When we first saw ASUS' Eee Pad Slider at CES, we very nearly dismissed it at once. It was thick, tablets with physical keyboards showed no sign of gaining popularity, and Honeycomb had yet to come out of the woodwork. Besides, ASUS' own cheaper, slimmer Transformer had already caught our hearts. Our confidence was not raised by the long period of silence that followed - in fact, the only Slider-related posts we've written since January are an unofficial hands-on by a Romanian blog and the announcement of the slate's pricing.
Revision3, a popular Internet-based TV network started in part by Kevin Rose, just quietly released not 1, not 2, but 6 apps for 6 of their popular shows.
The apps allow you to stream episodes in standard or hi-def, view comments, and view individual show segments - the Segments tab acts a video table of contents of sorts - a subtle feature, but it really makes all the difference.
There aren't many features besides the ones I've listed, but what the apps do do (ha), they do very well.
If you're like most Android users, you may run into slight space issues when it comes to available internal storage for apps. The daunting task you face, then, is to go through each of your apps and locate the major megabyte offenders. What a pain.
Alternatively, you may discover that your precious SD card is suddenly refusing to write a new episode of the Stuff You Should Know podcast (which is awesome), so now you have to drop everything to figure out where the fat is.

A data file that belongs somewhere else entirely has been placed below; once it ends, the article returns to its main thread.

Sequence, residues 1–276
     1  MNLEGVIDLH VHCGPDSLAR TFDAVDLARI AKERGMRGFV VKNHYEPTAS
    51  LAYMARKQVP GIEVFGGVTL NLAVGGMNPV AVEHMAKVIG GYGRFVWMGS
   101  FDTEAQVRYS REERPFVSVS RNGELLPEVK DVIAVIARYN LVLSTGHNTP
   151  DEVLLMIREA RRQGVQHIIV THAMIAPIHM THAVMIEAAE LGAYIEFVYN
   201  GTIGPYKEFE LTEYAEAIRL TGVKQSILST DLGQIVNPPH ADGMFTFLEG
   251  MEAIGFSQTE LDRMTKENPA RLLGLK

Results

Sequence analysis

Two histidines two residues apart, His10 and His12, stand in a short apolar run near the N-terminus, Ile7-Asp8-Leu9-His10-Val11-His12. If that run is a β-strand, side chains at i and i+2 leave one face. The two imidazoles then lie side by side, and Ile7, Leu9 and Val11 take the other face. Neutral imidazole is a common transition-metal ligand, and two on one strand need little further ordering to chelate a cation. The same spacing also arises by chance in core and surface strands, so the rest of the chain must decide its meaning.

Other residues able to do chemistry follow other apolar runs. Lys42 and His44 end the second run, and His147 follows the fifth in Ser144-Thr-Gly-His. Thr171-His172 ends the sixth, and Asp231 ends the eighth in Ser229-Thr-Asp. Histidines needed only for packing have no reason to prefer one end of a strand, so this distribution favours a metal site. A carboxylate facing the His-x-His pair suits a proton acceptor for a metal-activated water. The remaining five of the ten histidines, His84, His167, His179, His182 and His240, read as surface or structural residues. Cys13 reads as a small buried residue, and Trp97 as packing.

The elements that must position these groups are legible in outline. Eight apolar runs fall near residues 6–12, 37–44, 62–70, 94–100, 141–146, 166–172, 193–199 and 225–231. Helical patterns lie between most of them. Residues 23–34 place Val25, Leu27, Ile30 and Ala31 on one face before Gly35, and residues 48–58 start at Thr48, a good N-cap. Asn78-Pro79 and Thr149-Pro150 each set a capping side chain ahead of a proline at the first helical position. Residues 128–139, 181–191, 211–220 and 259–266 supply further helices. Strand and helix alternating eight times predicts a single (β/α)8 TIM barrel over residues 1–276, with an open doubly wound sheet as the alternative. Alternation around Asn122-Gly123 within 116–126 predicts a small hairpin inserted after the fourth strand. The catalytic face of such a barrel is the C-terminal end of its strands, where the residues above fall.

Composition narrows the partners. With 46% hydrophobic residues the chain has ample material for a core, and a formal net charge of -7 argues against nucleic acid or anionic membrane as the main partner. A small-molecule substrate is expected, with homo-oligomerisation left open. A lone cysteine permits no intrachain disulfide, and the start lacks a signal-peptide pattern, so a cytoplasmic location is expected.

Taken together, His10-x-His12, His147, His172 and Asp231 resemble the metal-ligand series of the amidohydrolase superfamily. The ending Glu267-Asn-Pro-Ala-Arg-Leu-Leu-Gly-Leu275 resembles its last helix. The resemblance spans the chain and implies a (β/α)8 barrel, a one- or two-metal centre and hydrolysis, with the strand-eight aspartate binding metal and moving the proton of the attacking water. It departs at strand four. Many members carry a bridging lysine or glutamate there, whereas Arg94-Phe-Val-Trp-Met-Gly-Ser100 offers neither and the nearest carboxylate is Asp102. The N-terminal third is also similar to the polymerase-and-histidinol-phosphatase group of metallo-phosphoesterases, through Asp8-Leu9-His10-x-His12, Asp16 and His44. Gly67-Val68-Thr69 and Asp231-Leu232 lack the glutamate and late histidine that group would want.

Galaxy Not-So “S”
Is your Galaxy S a little laggy (experiences stutters, delays) at times, even on Froyo? It’s not your imagination; your phone’s internal storage is probably the culprit, and LagFix addresses the problem quite cleverly, helping you put the “S” back in your Galaxy.
As you probably know, Galaxy S phones boast either 8GB and 16GB of internal memory. Pretty hefty for an Android phone (the most spacious available, in fact).
Utilizing SD cards for the storage of apps has undoubtedly been one of the biggest feature requests of Android since the G1 was released, with users being limited to the internal storage capacity of their devices to install applications on. Fortunately, Google have finally addressed the issue, and an update may not be too far away.
A post on Issue 1151 yesterday by a Google representative confirmed that the feature was ‘coming soon’ to Android devices, although no exact information was divulged at the time.
As I recently started downloading and listening to lots of podcasts, I found that my Hero's 2GB MicroSD card filled up literally overnight.
2GB is such a measly number that disgracing the Hero with it any longer was a blow to both mine and its pride, so I headed over to Amazon to find a new faster, higher capacity storage card.
After careful deliberation and weighing all pros and cons, I ended up picking the A-Data Turbo 16GB Class 6 MicroSD card.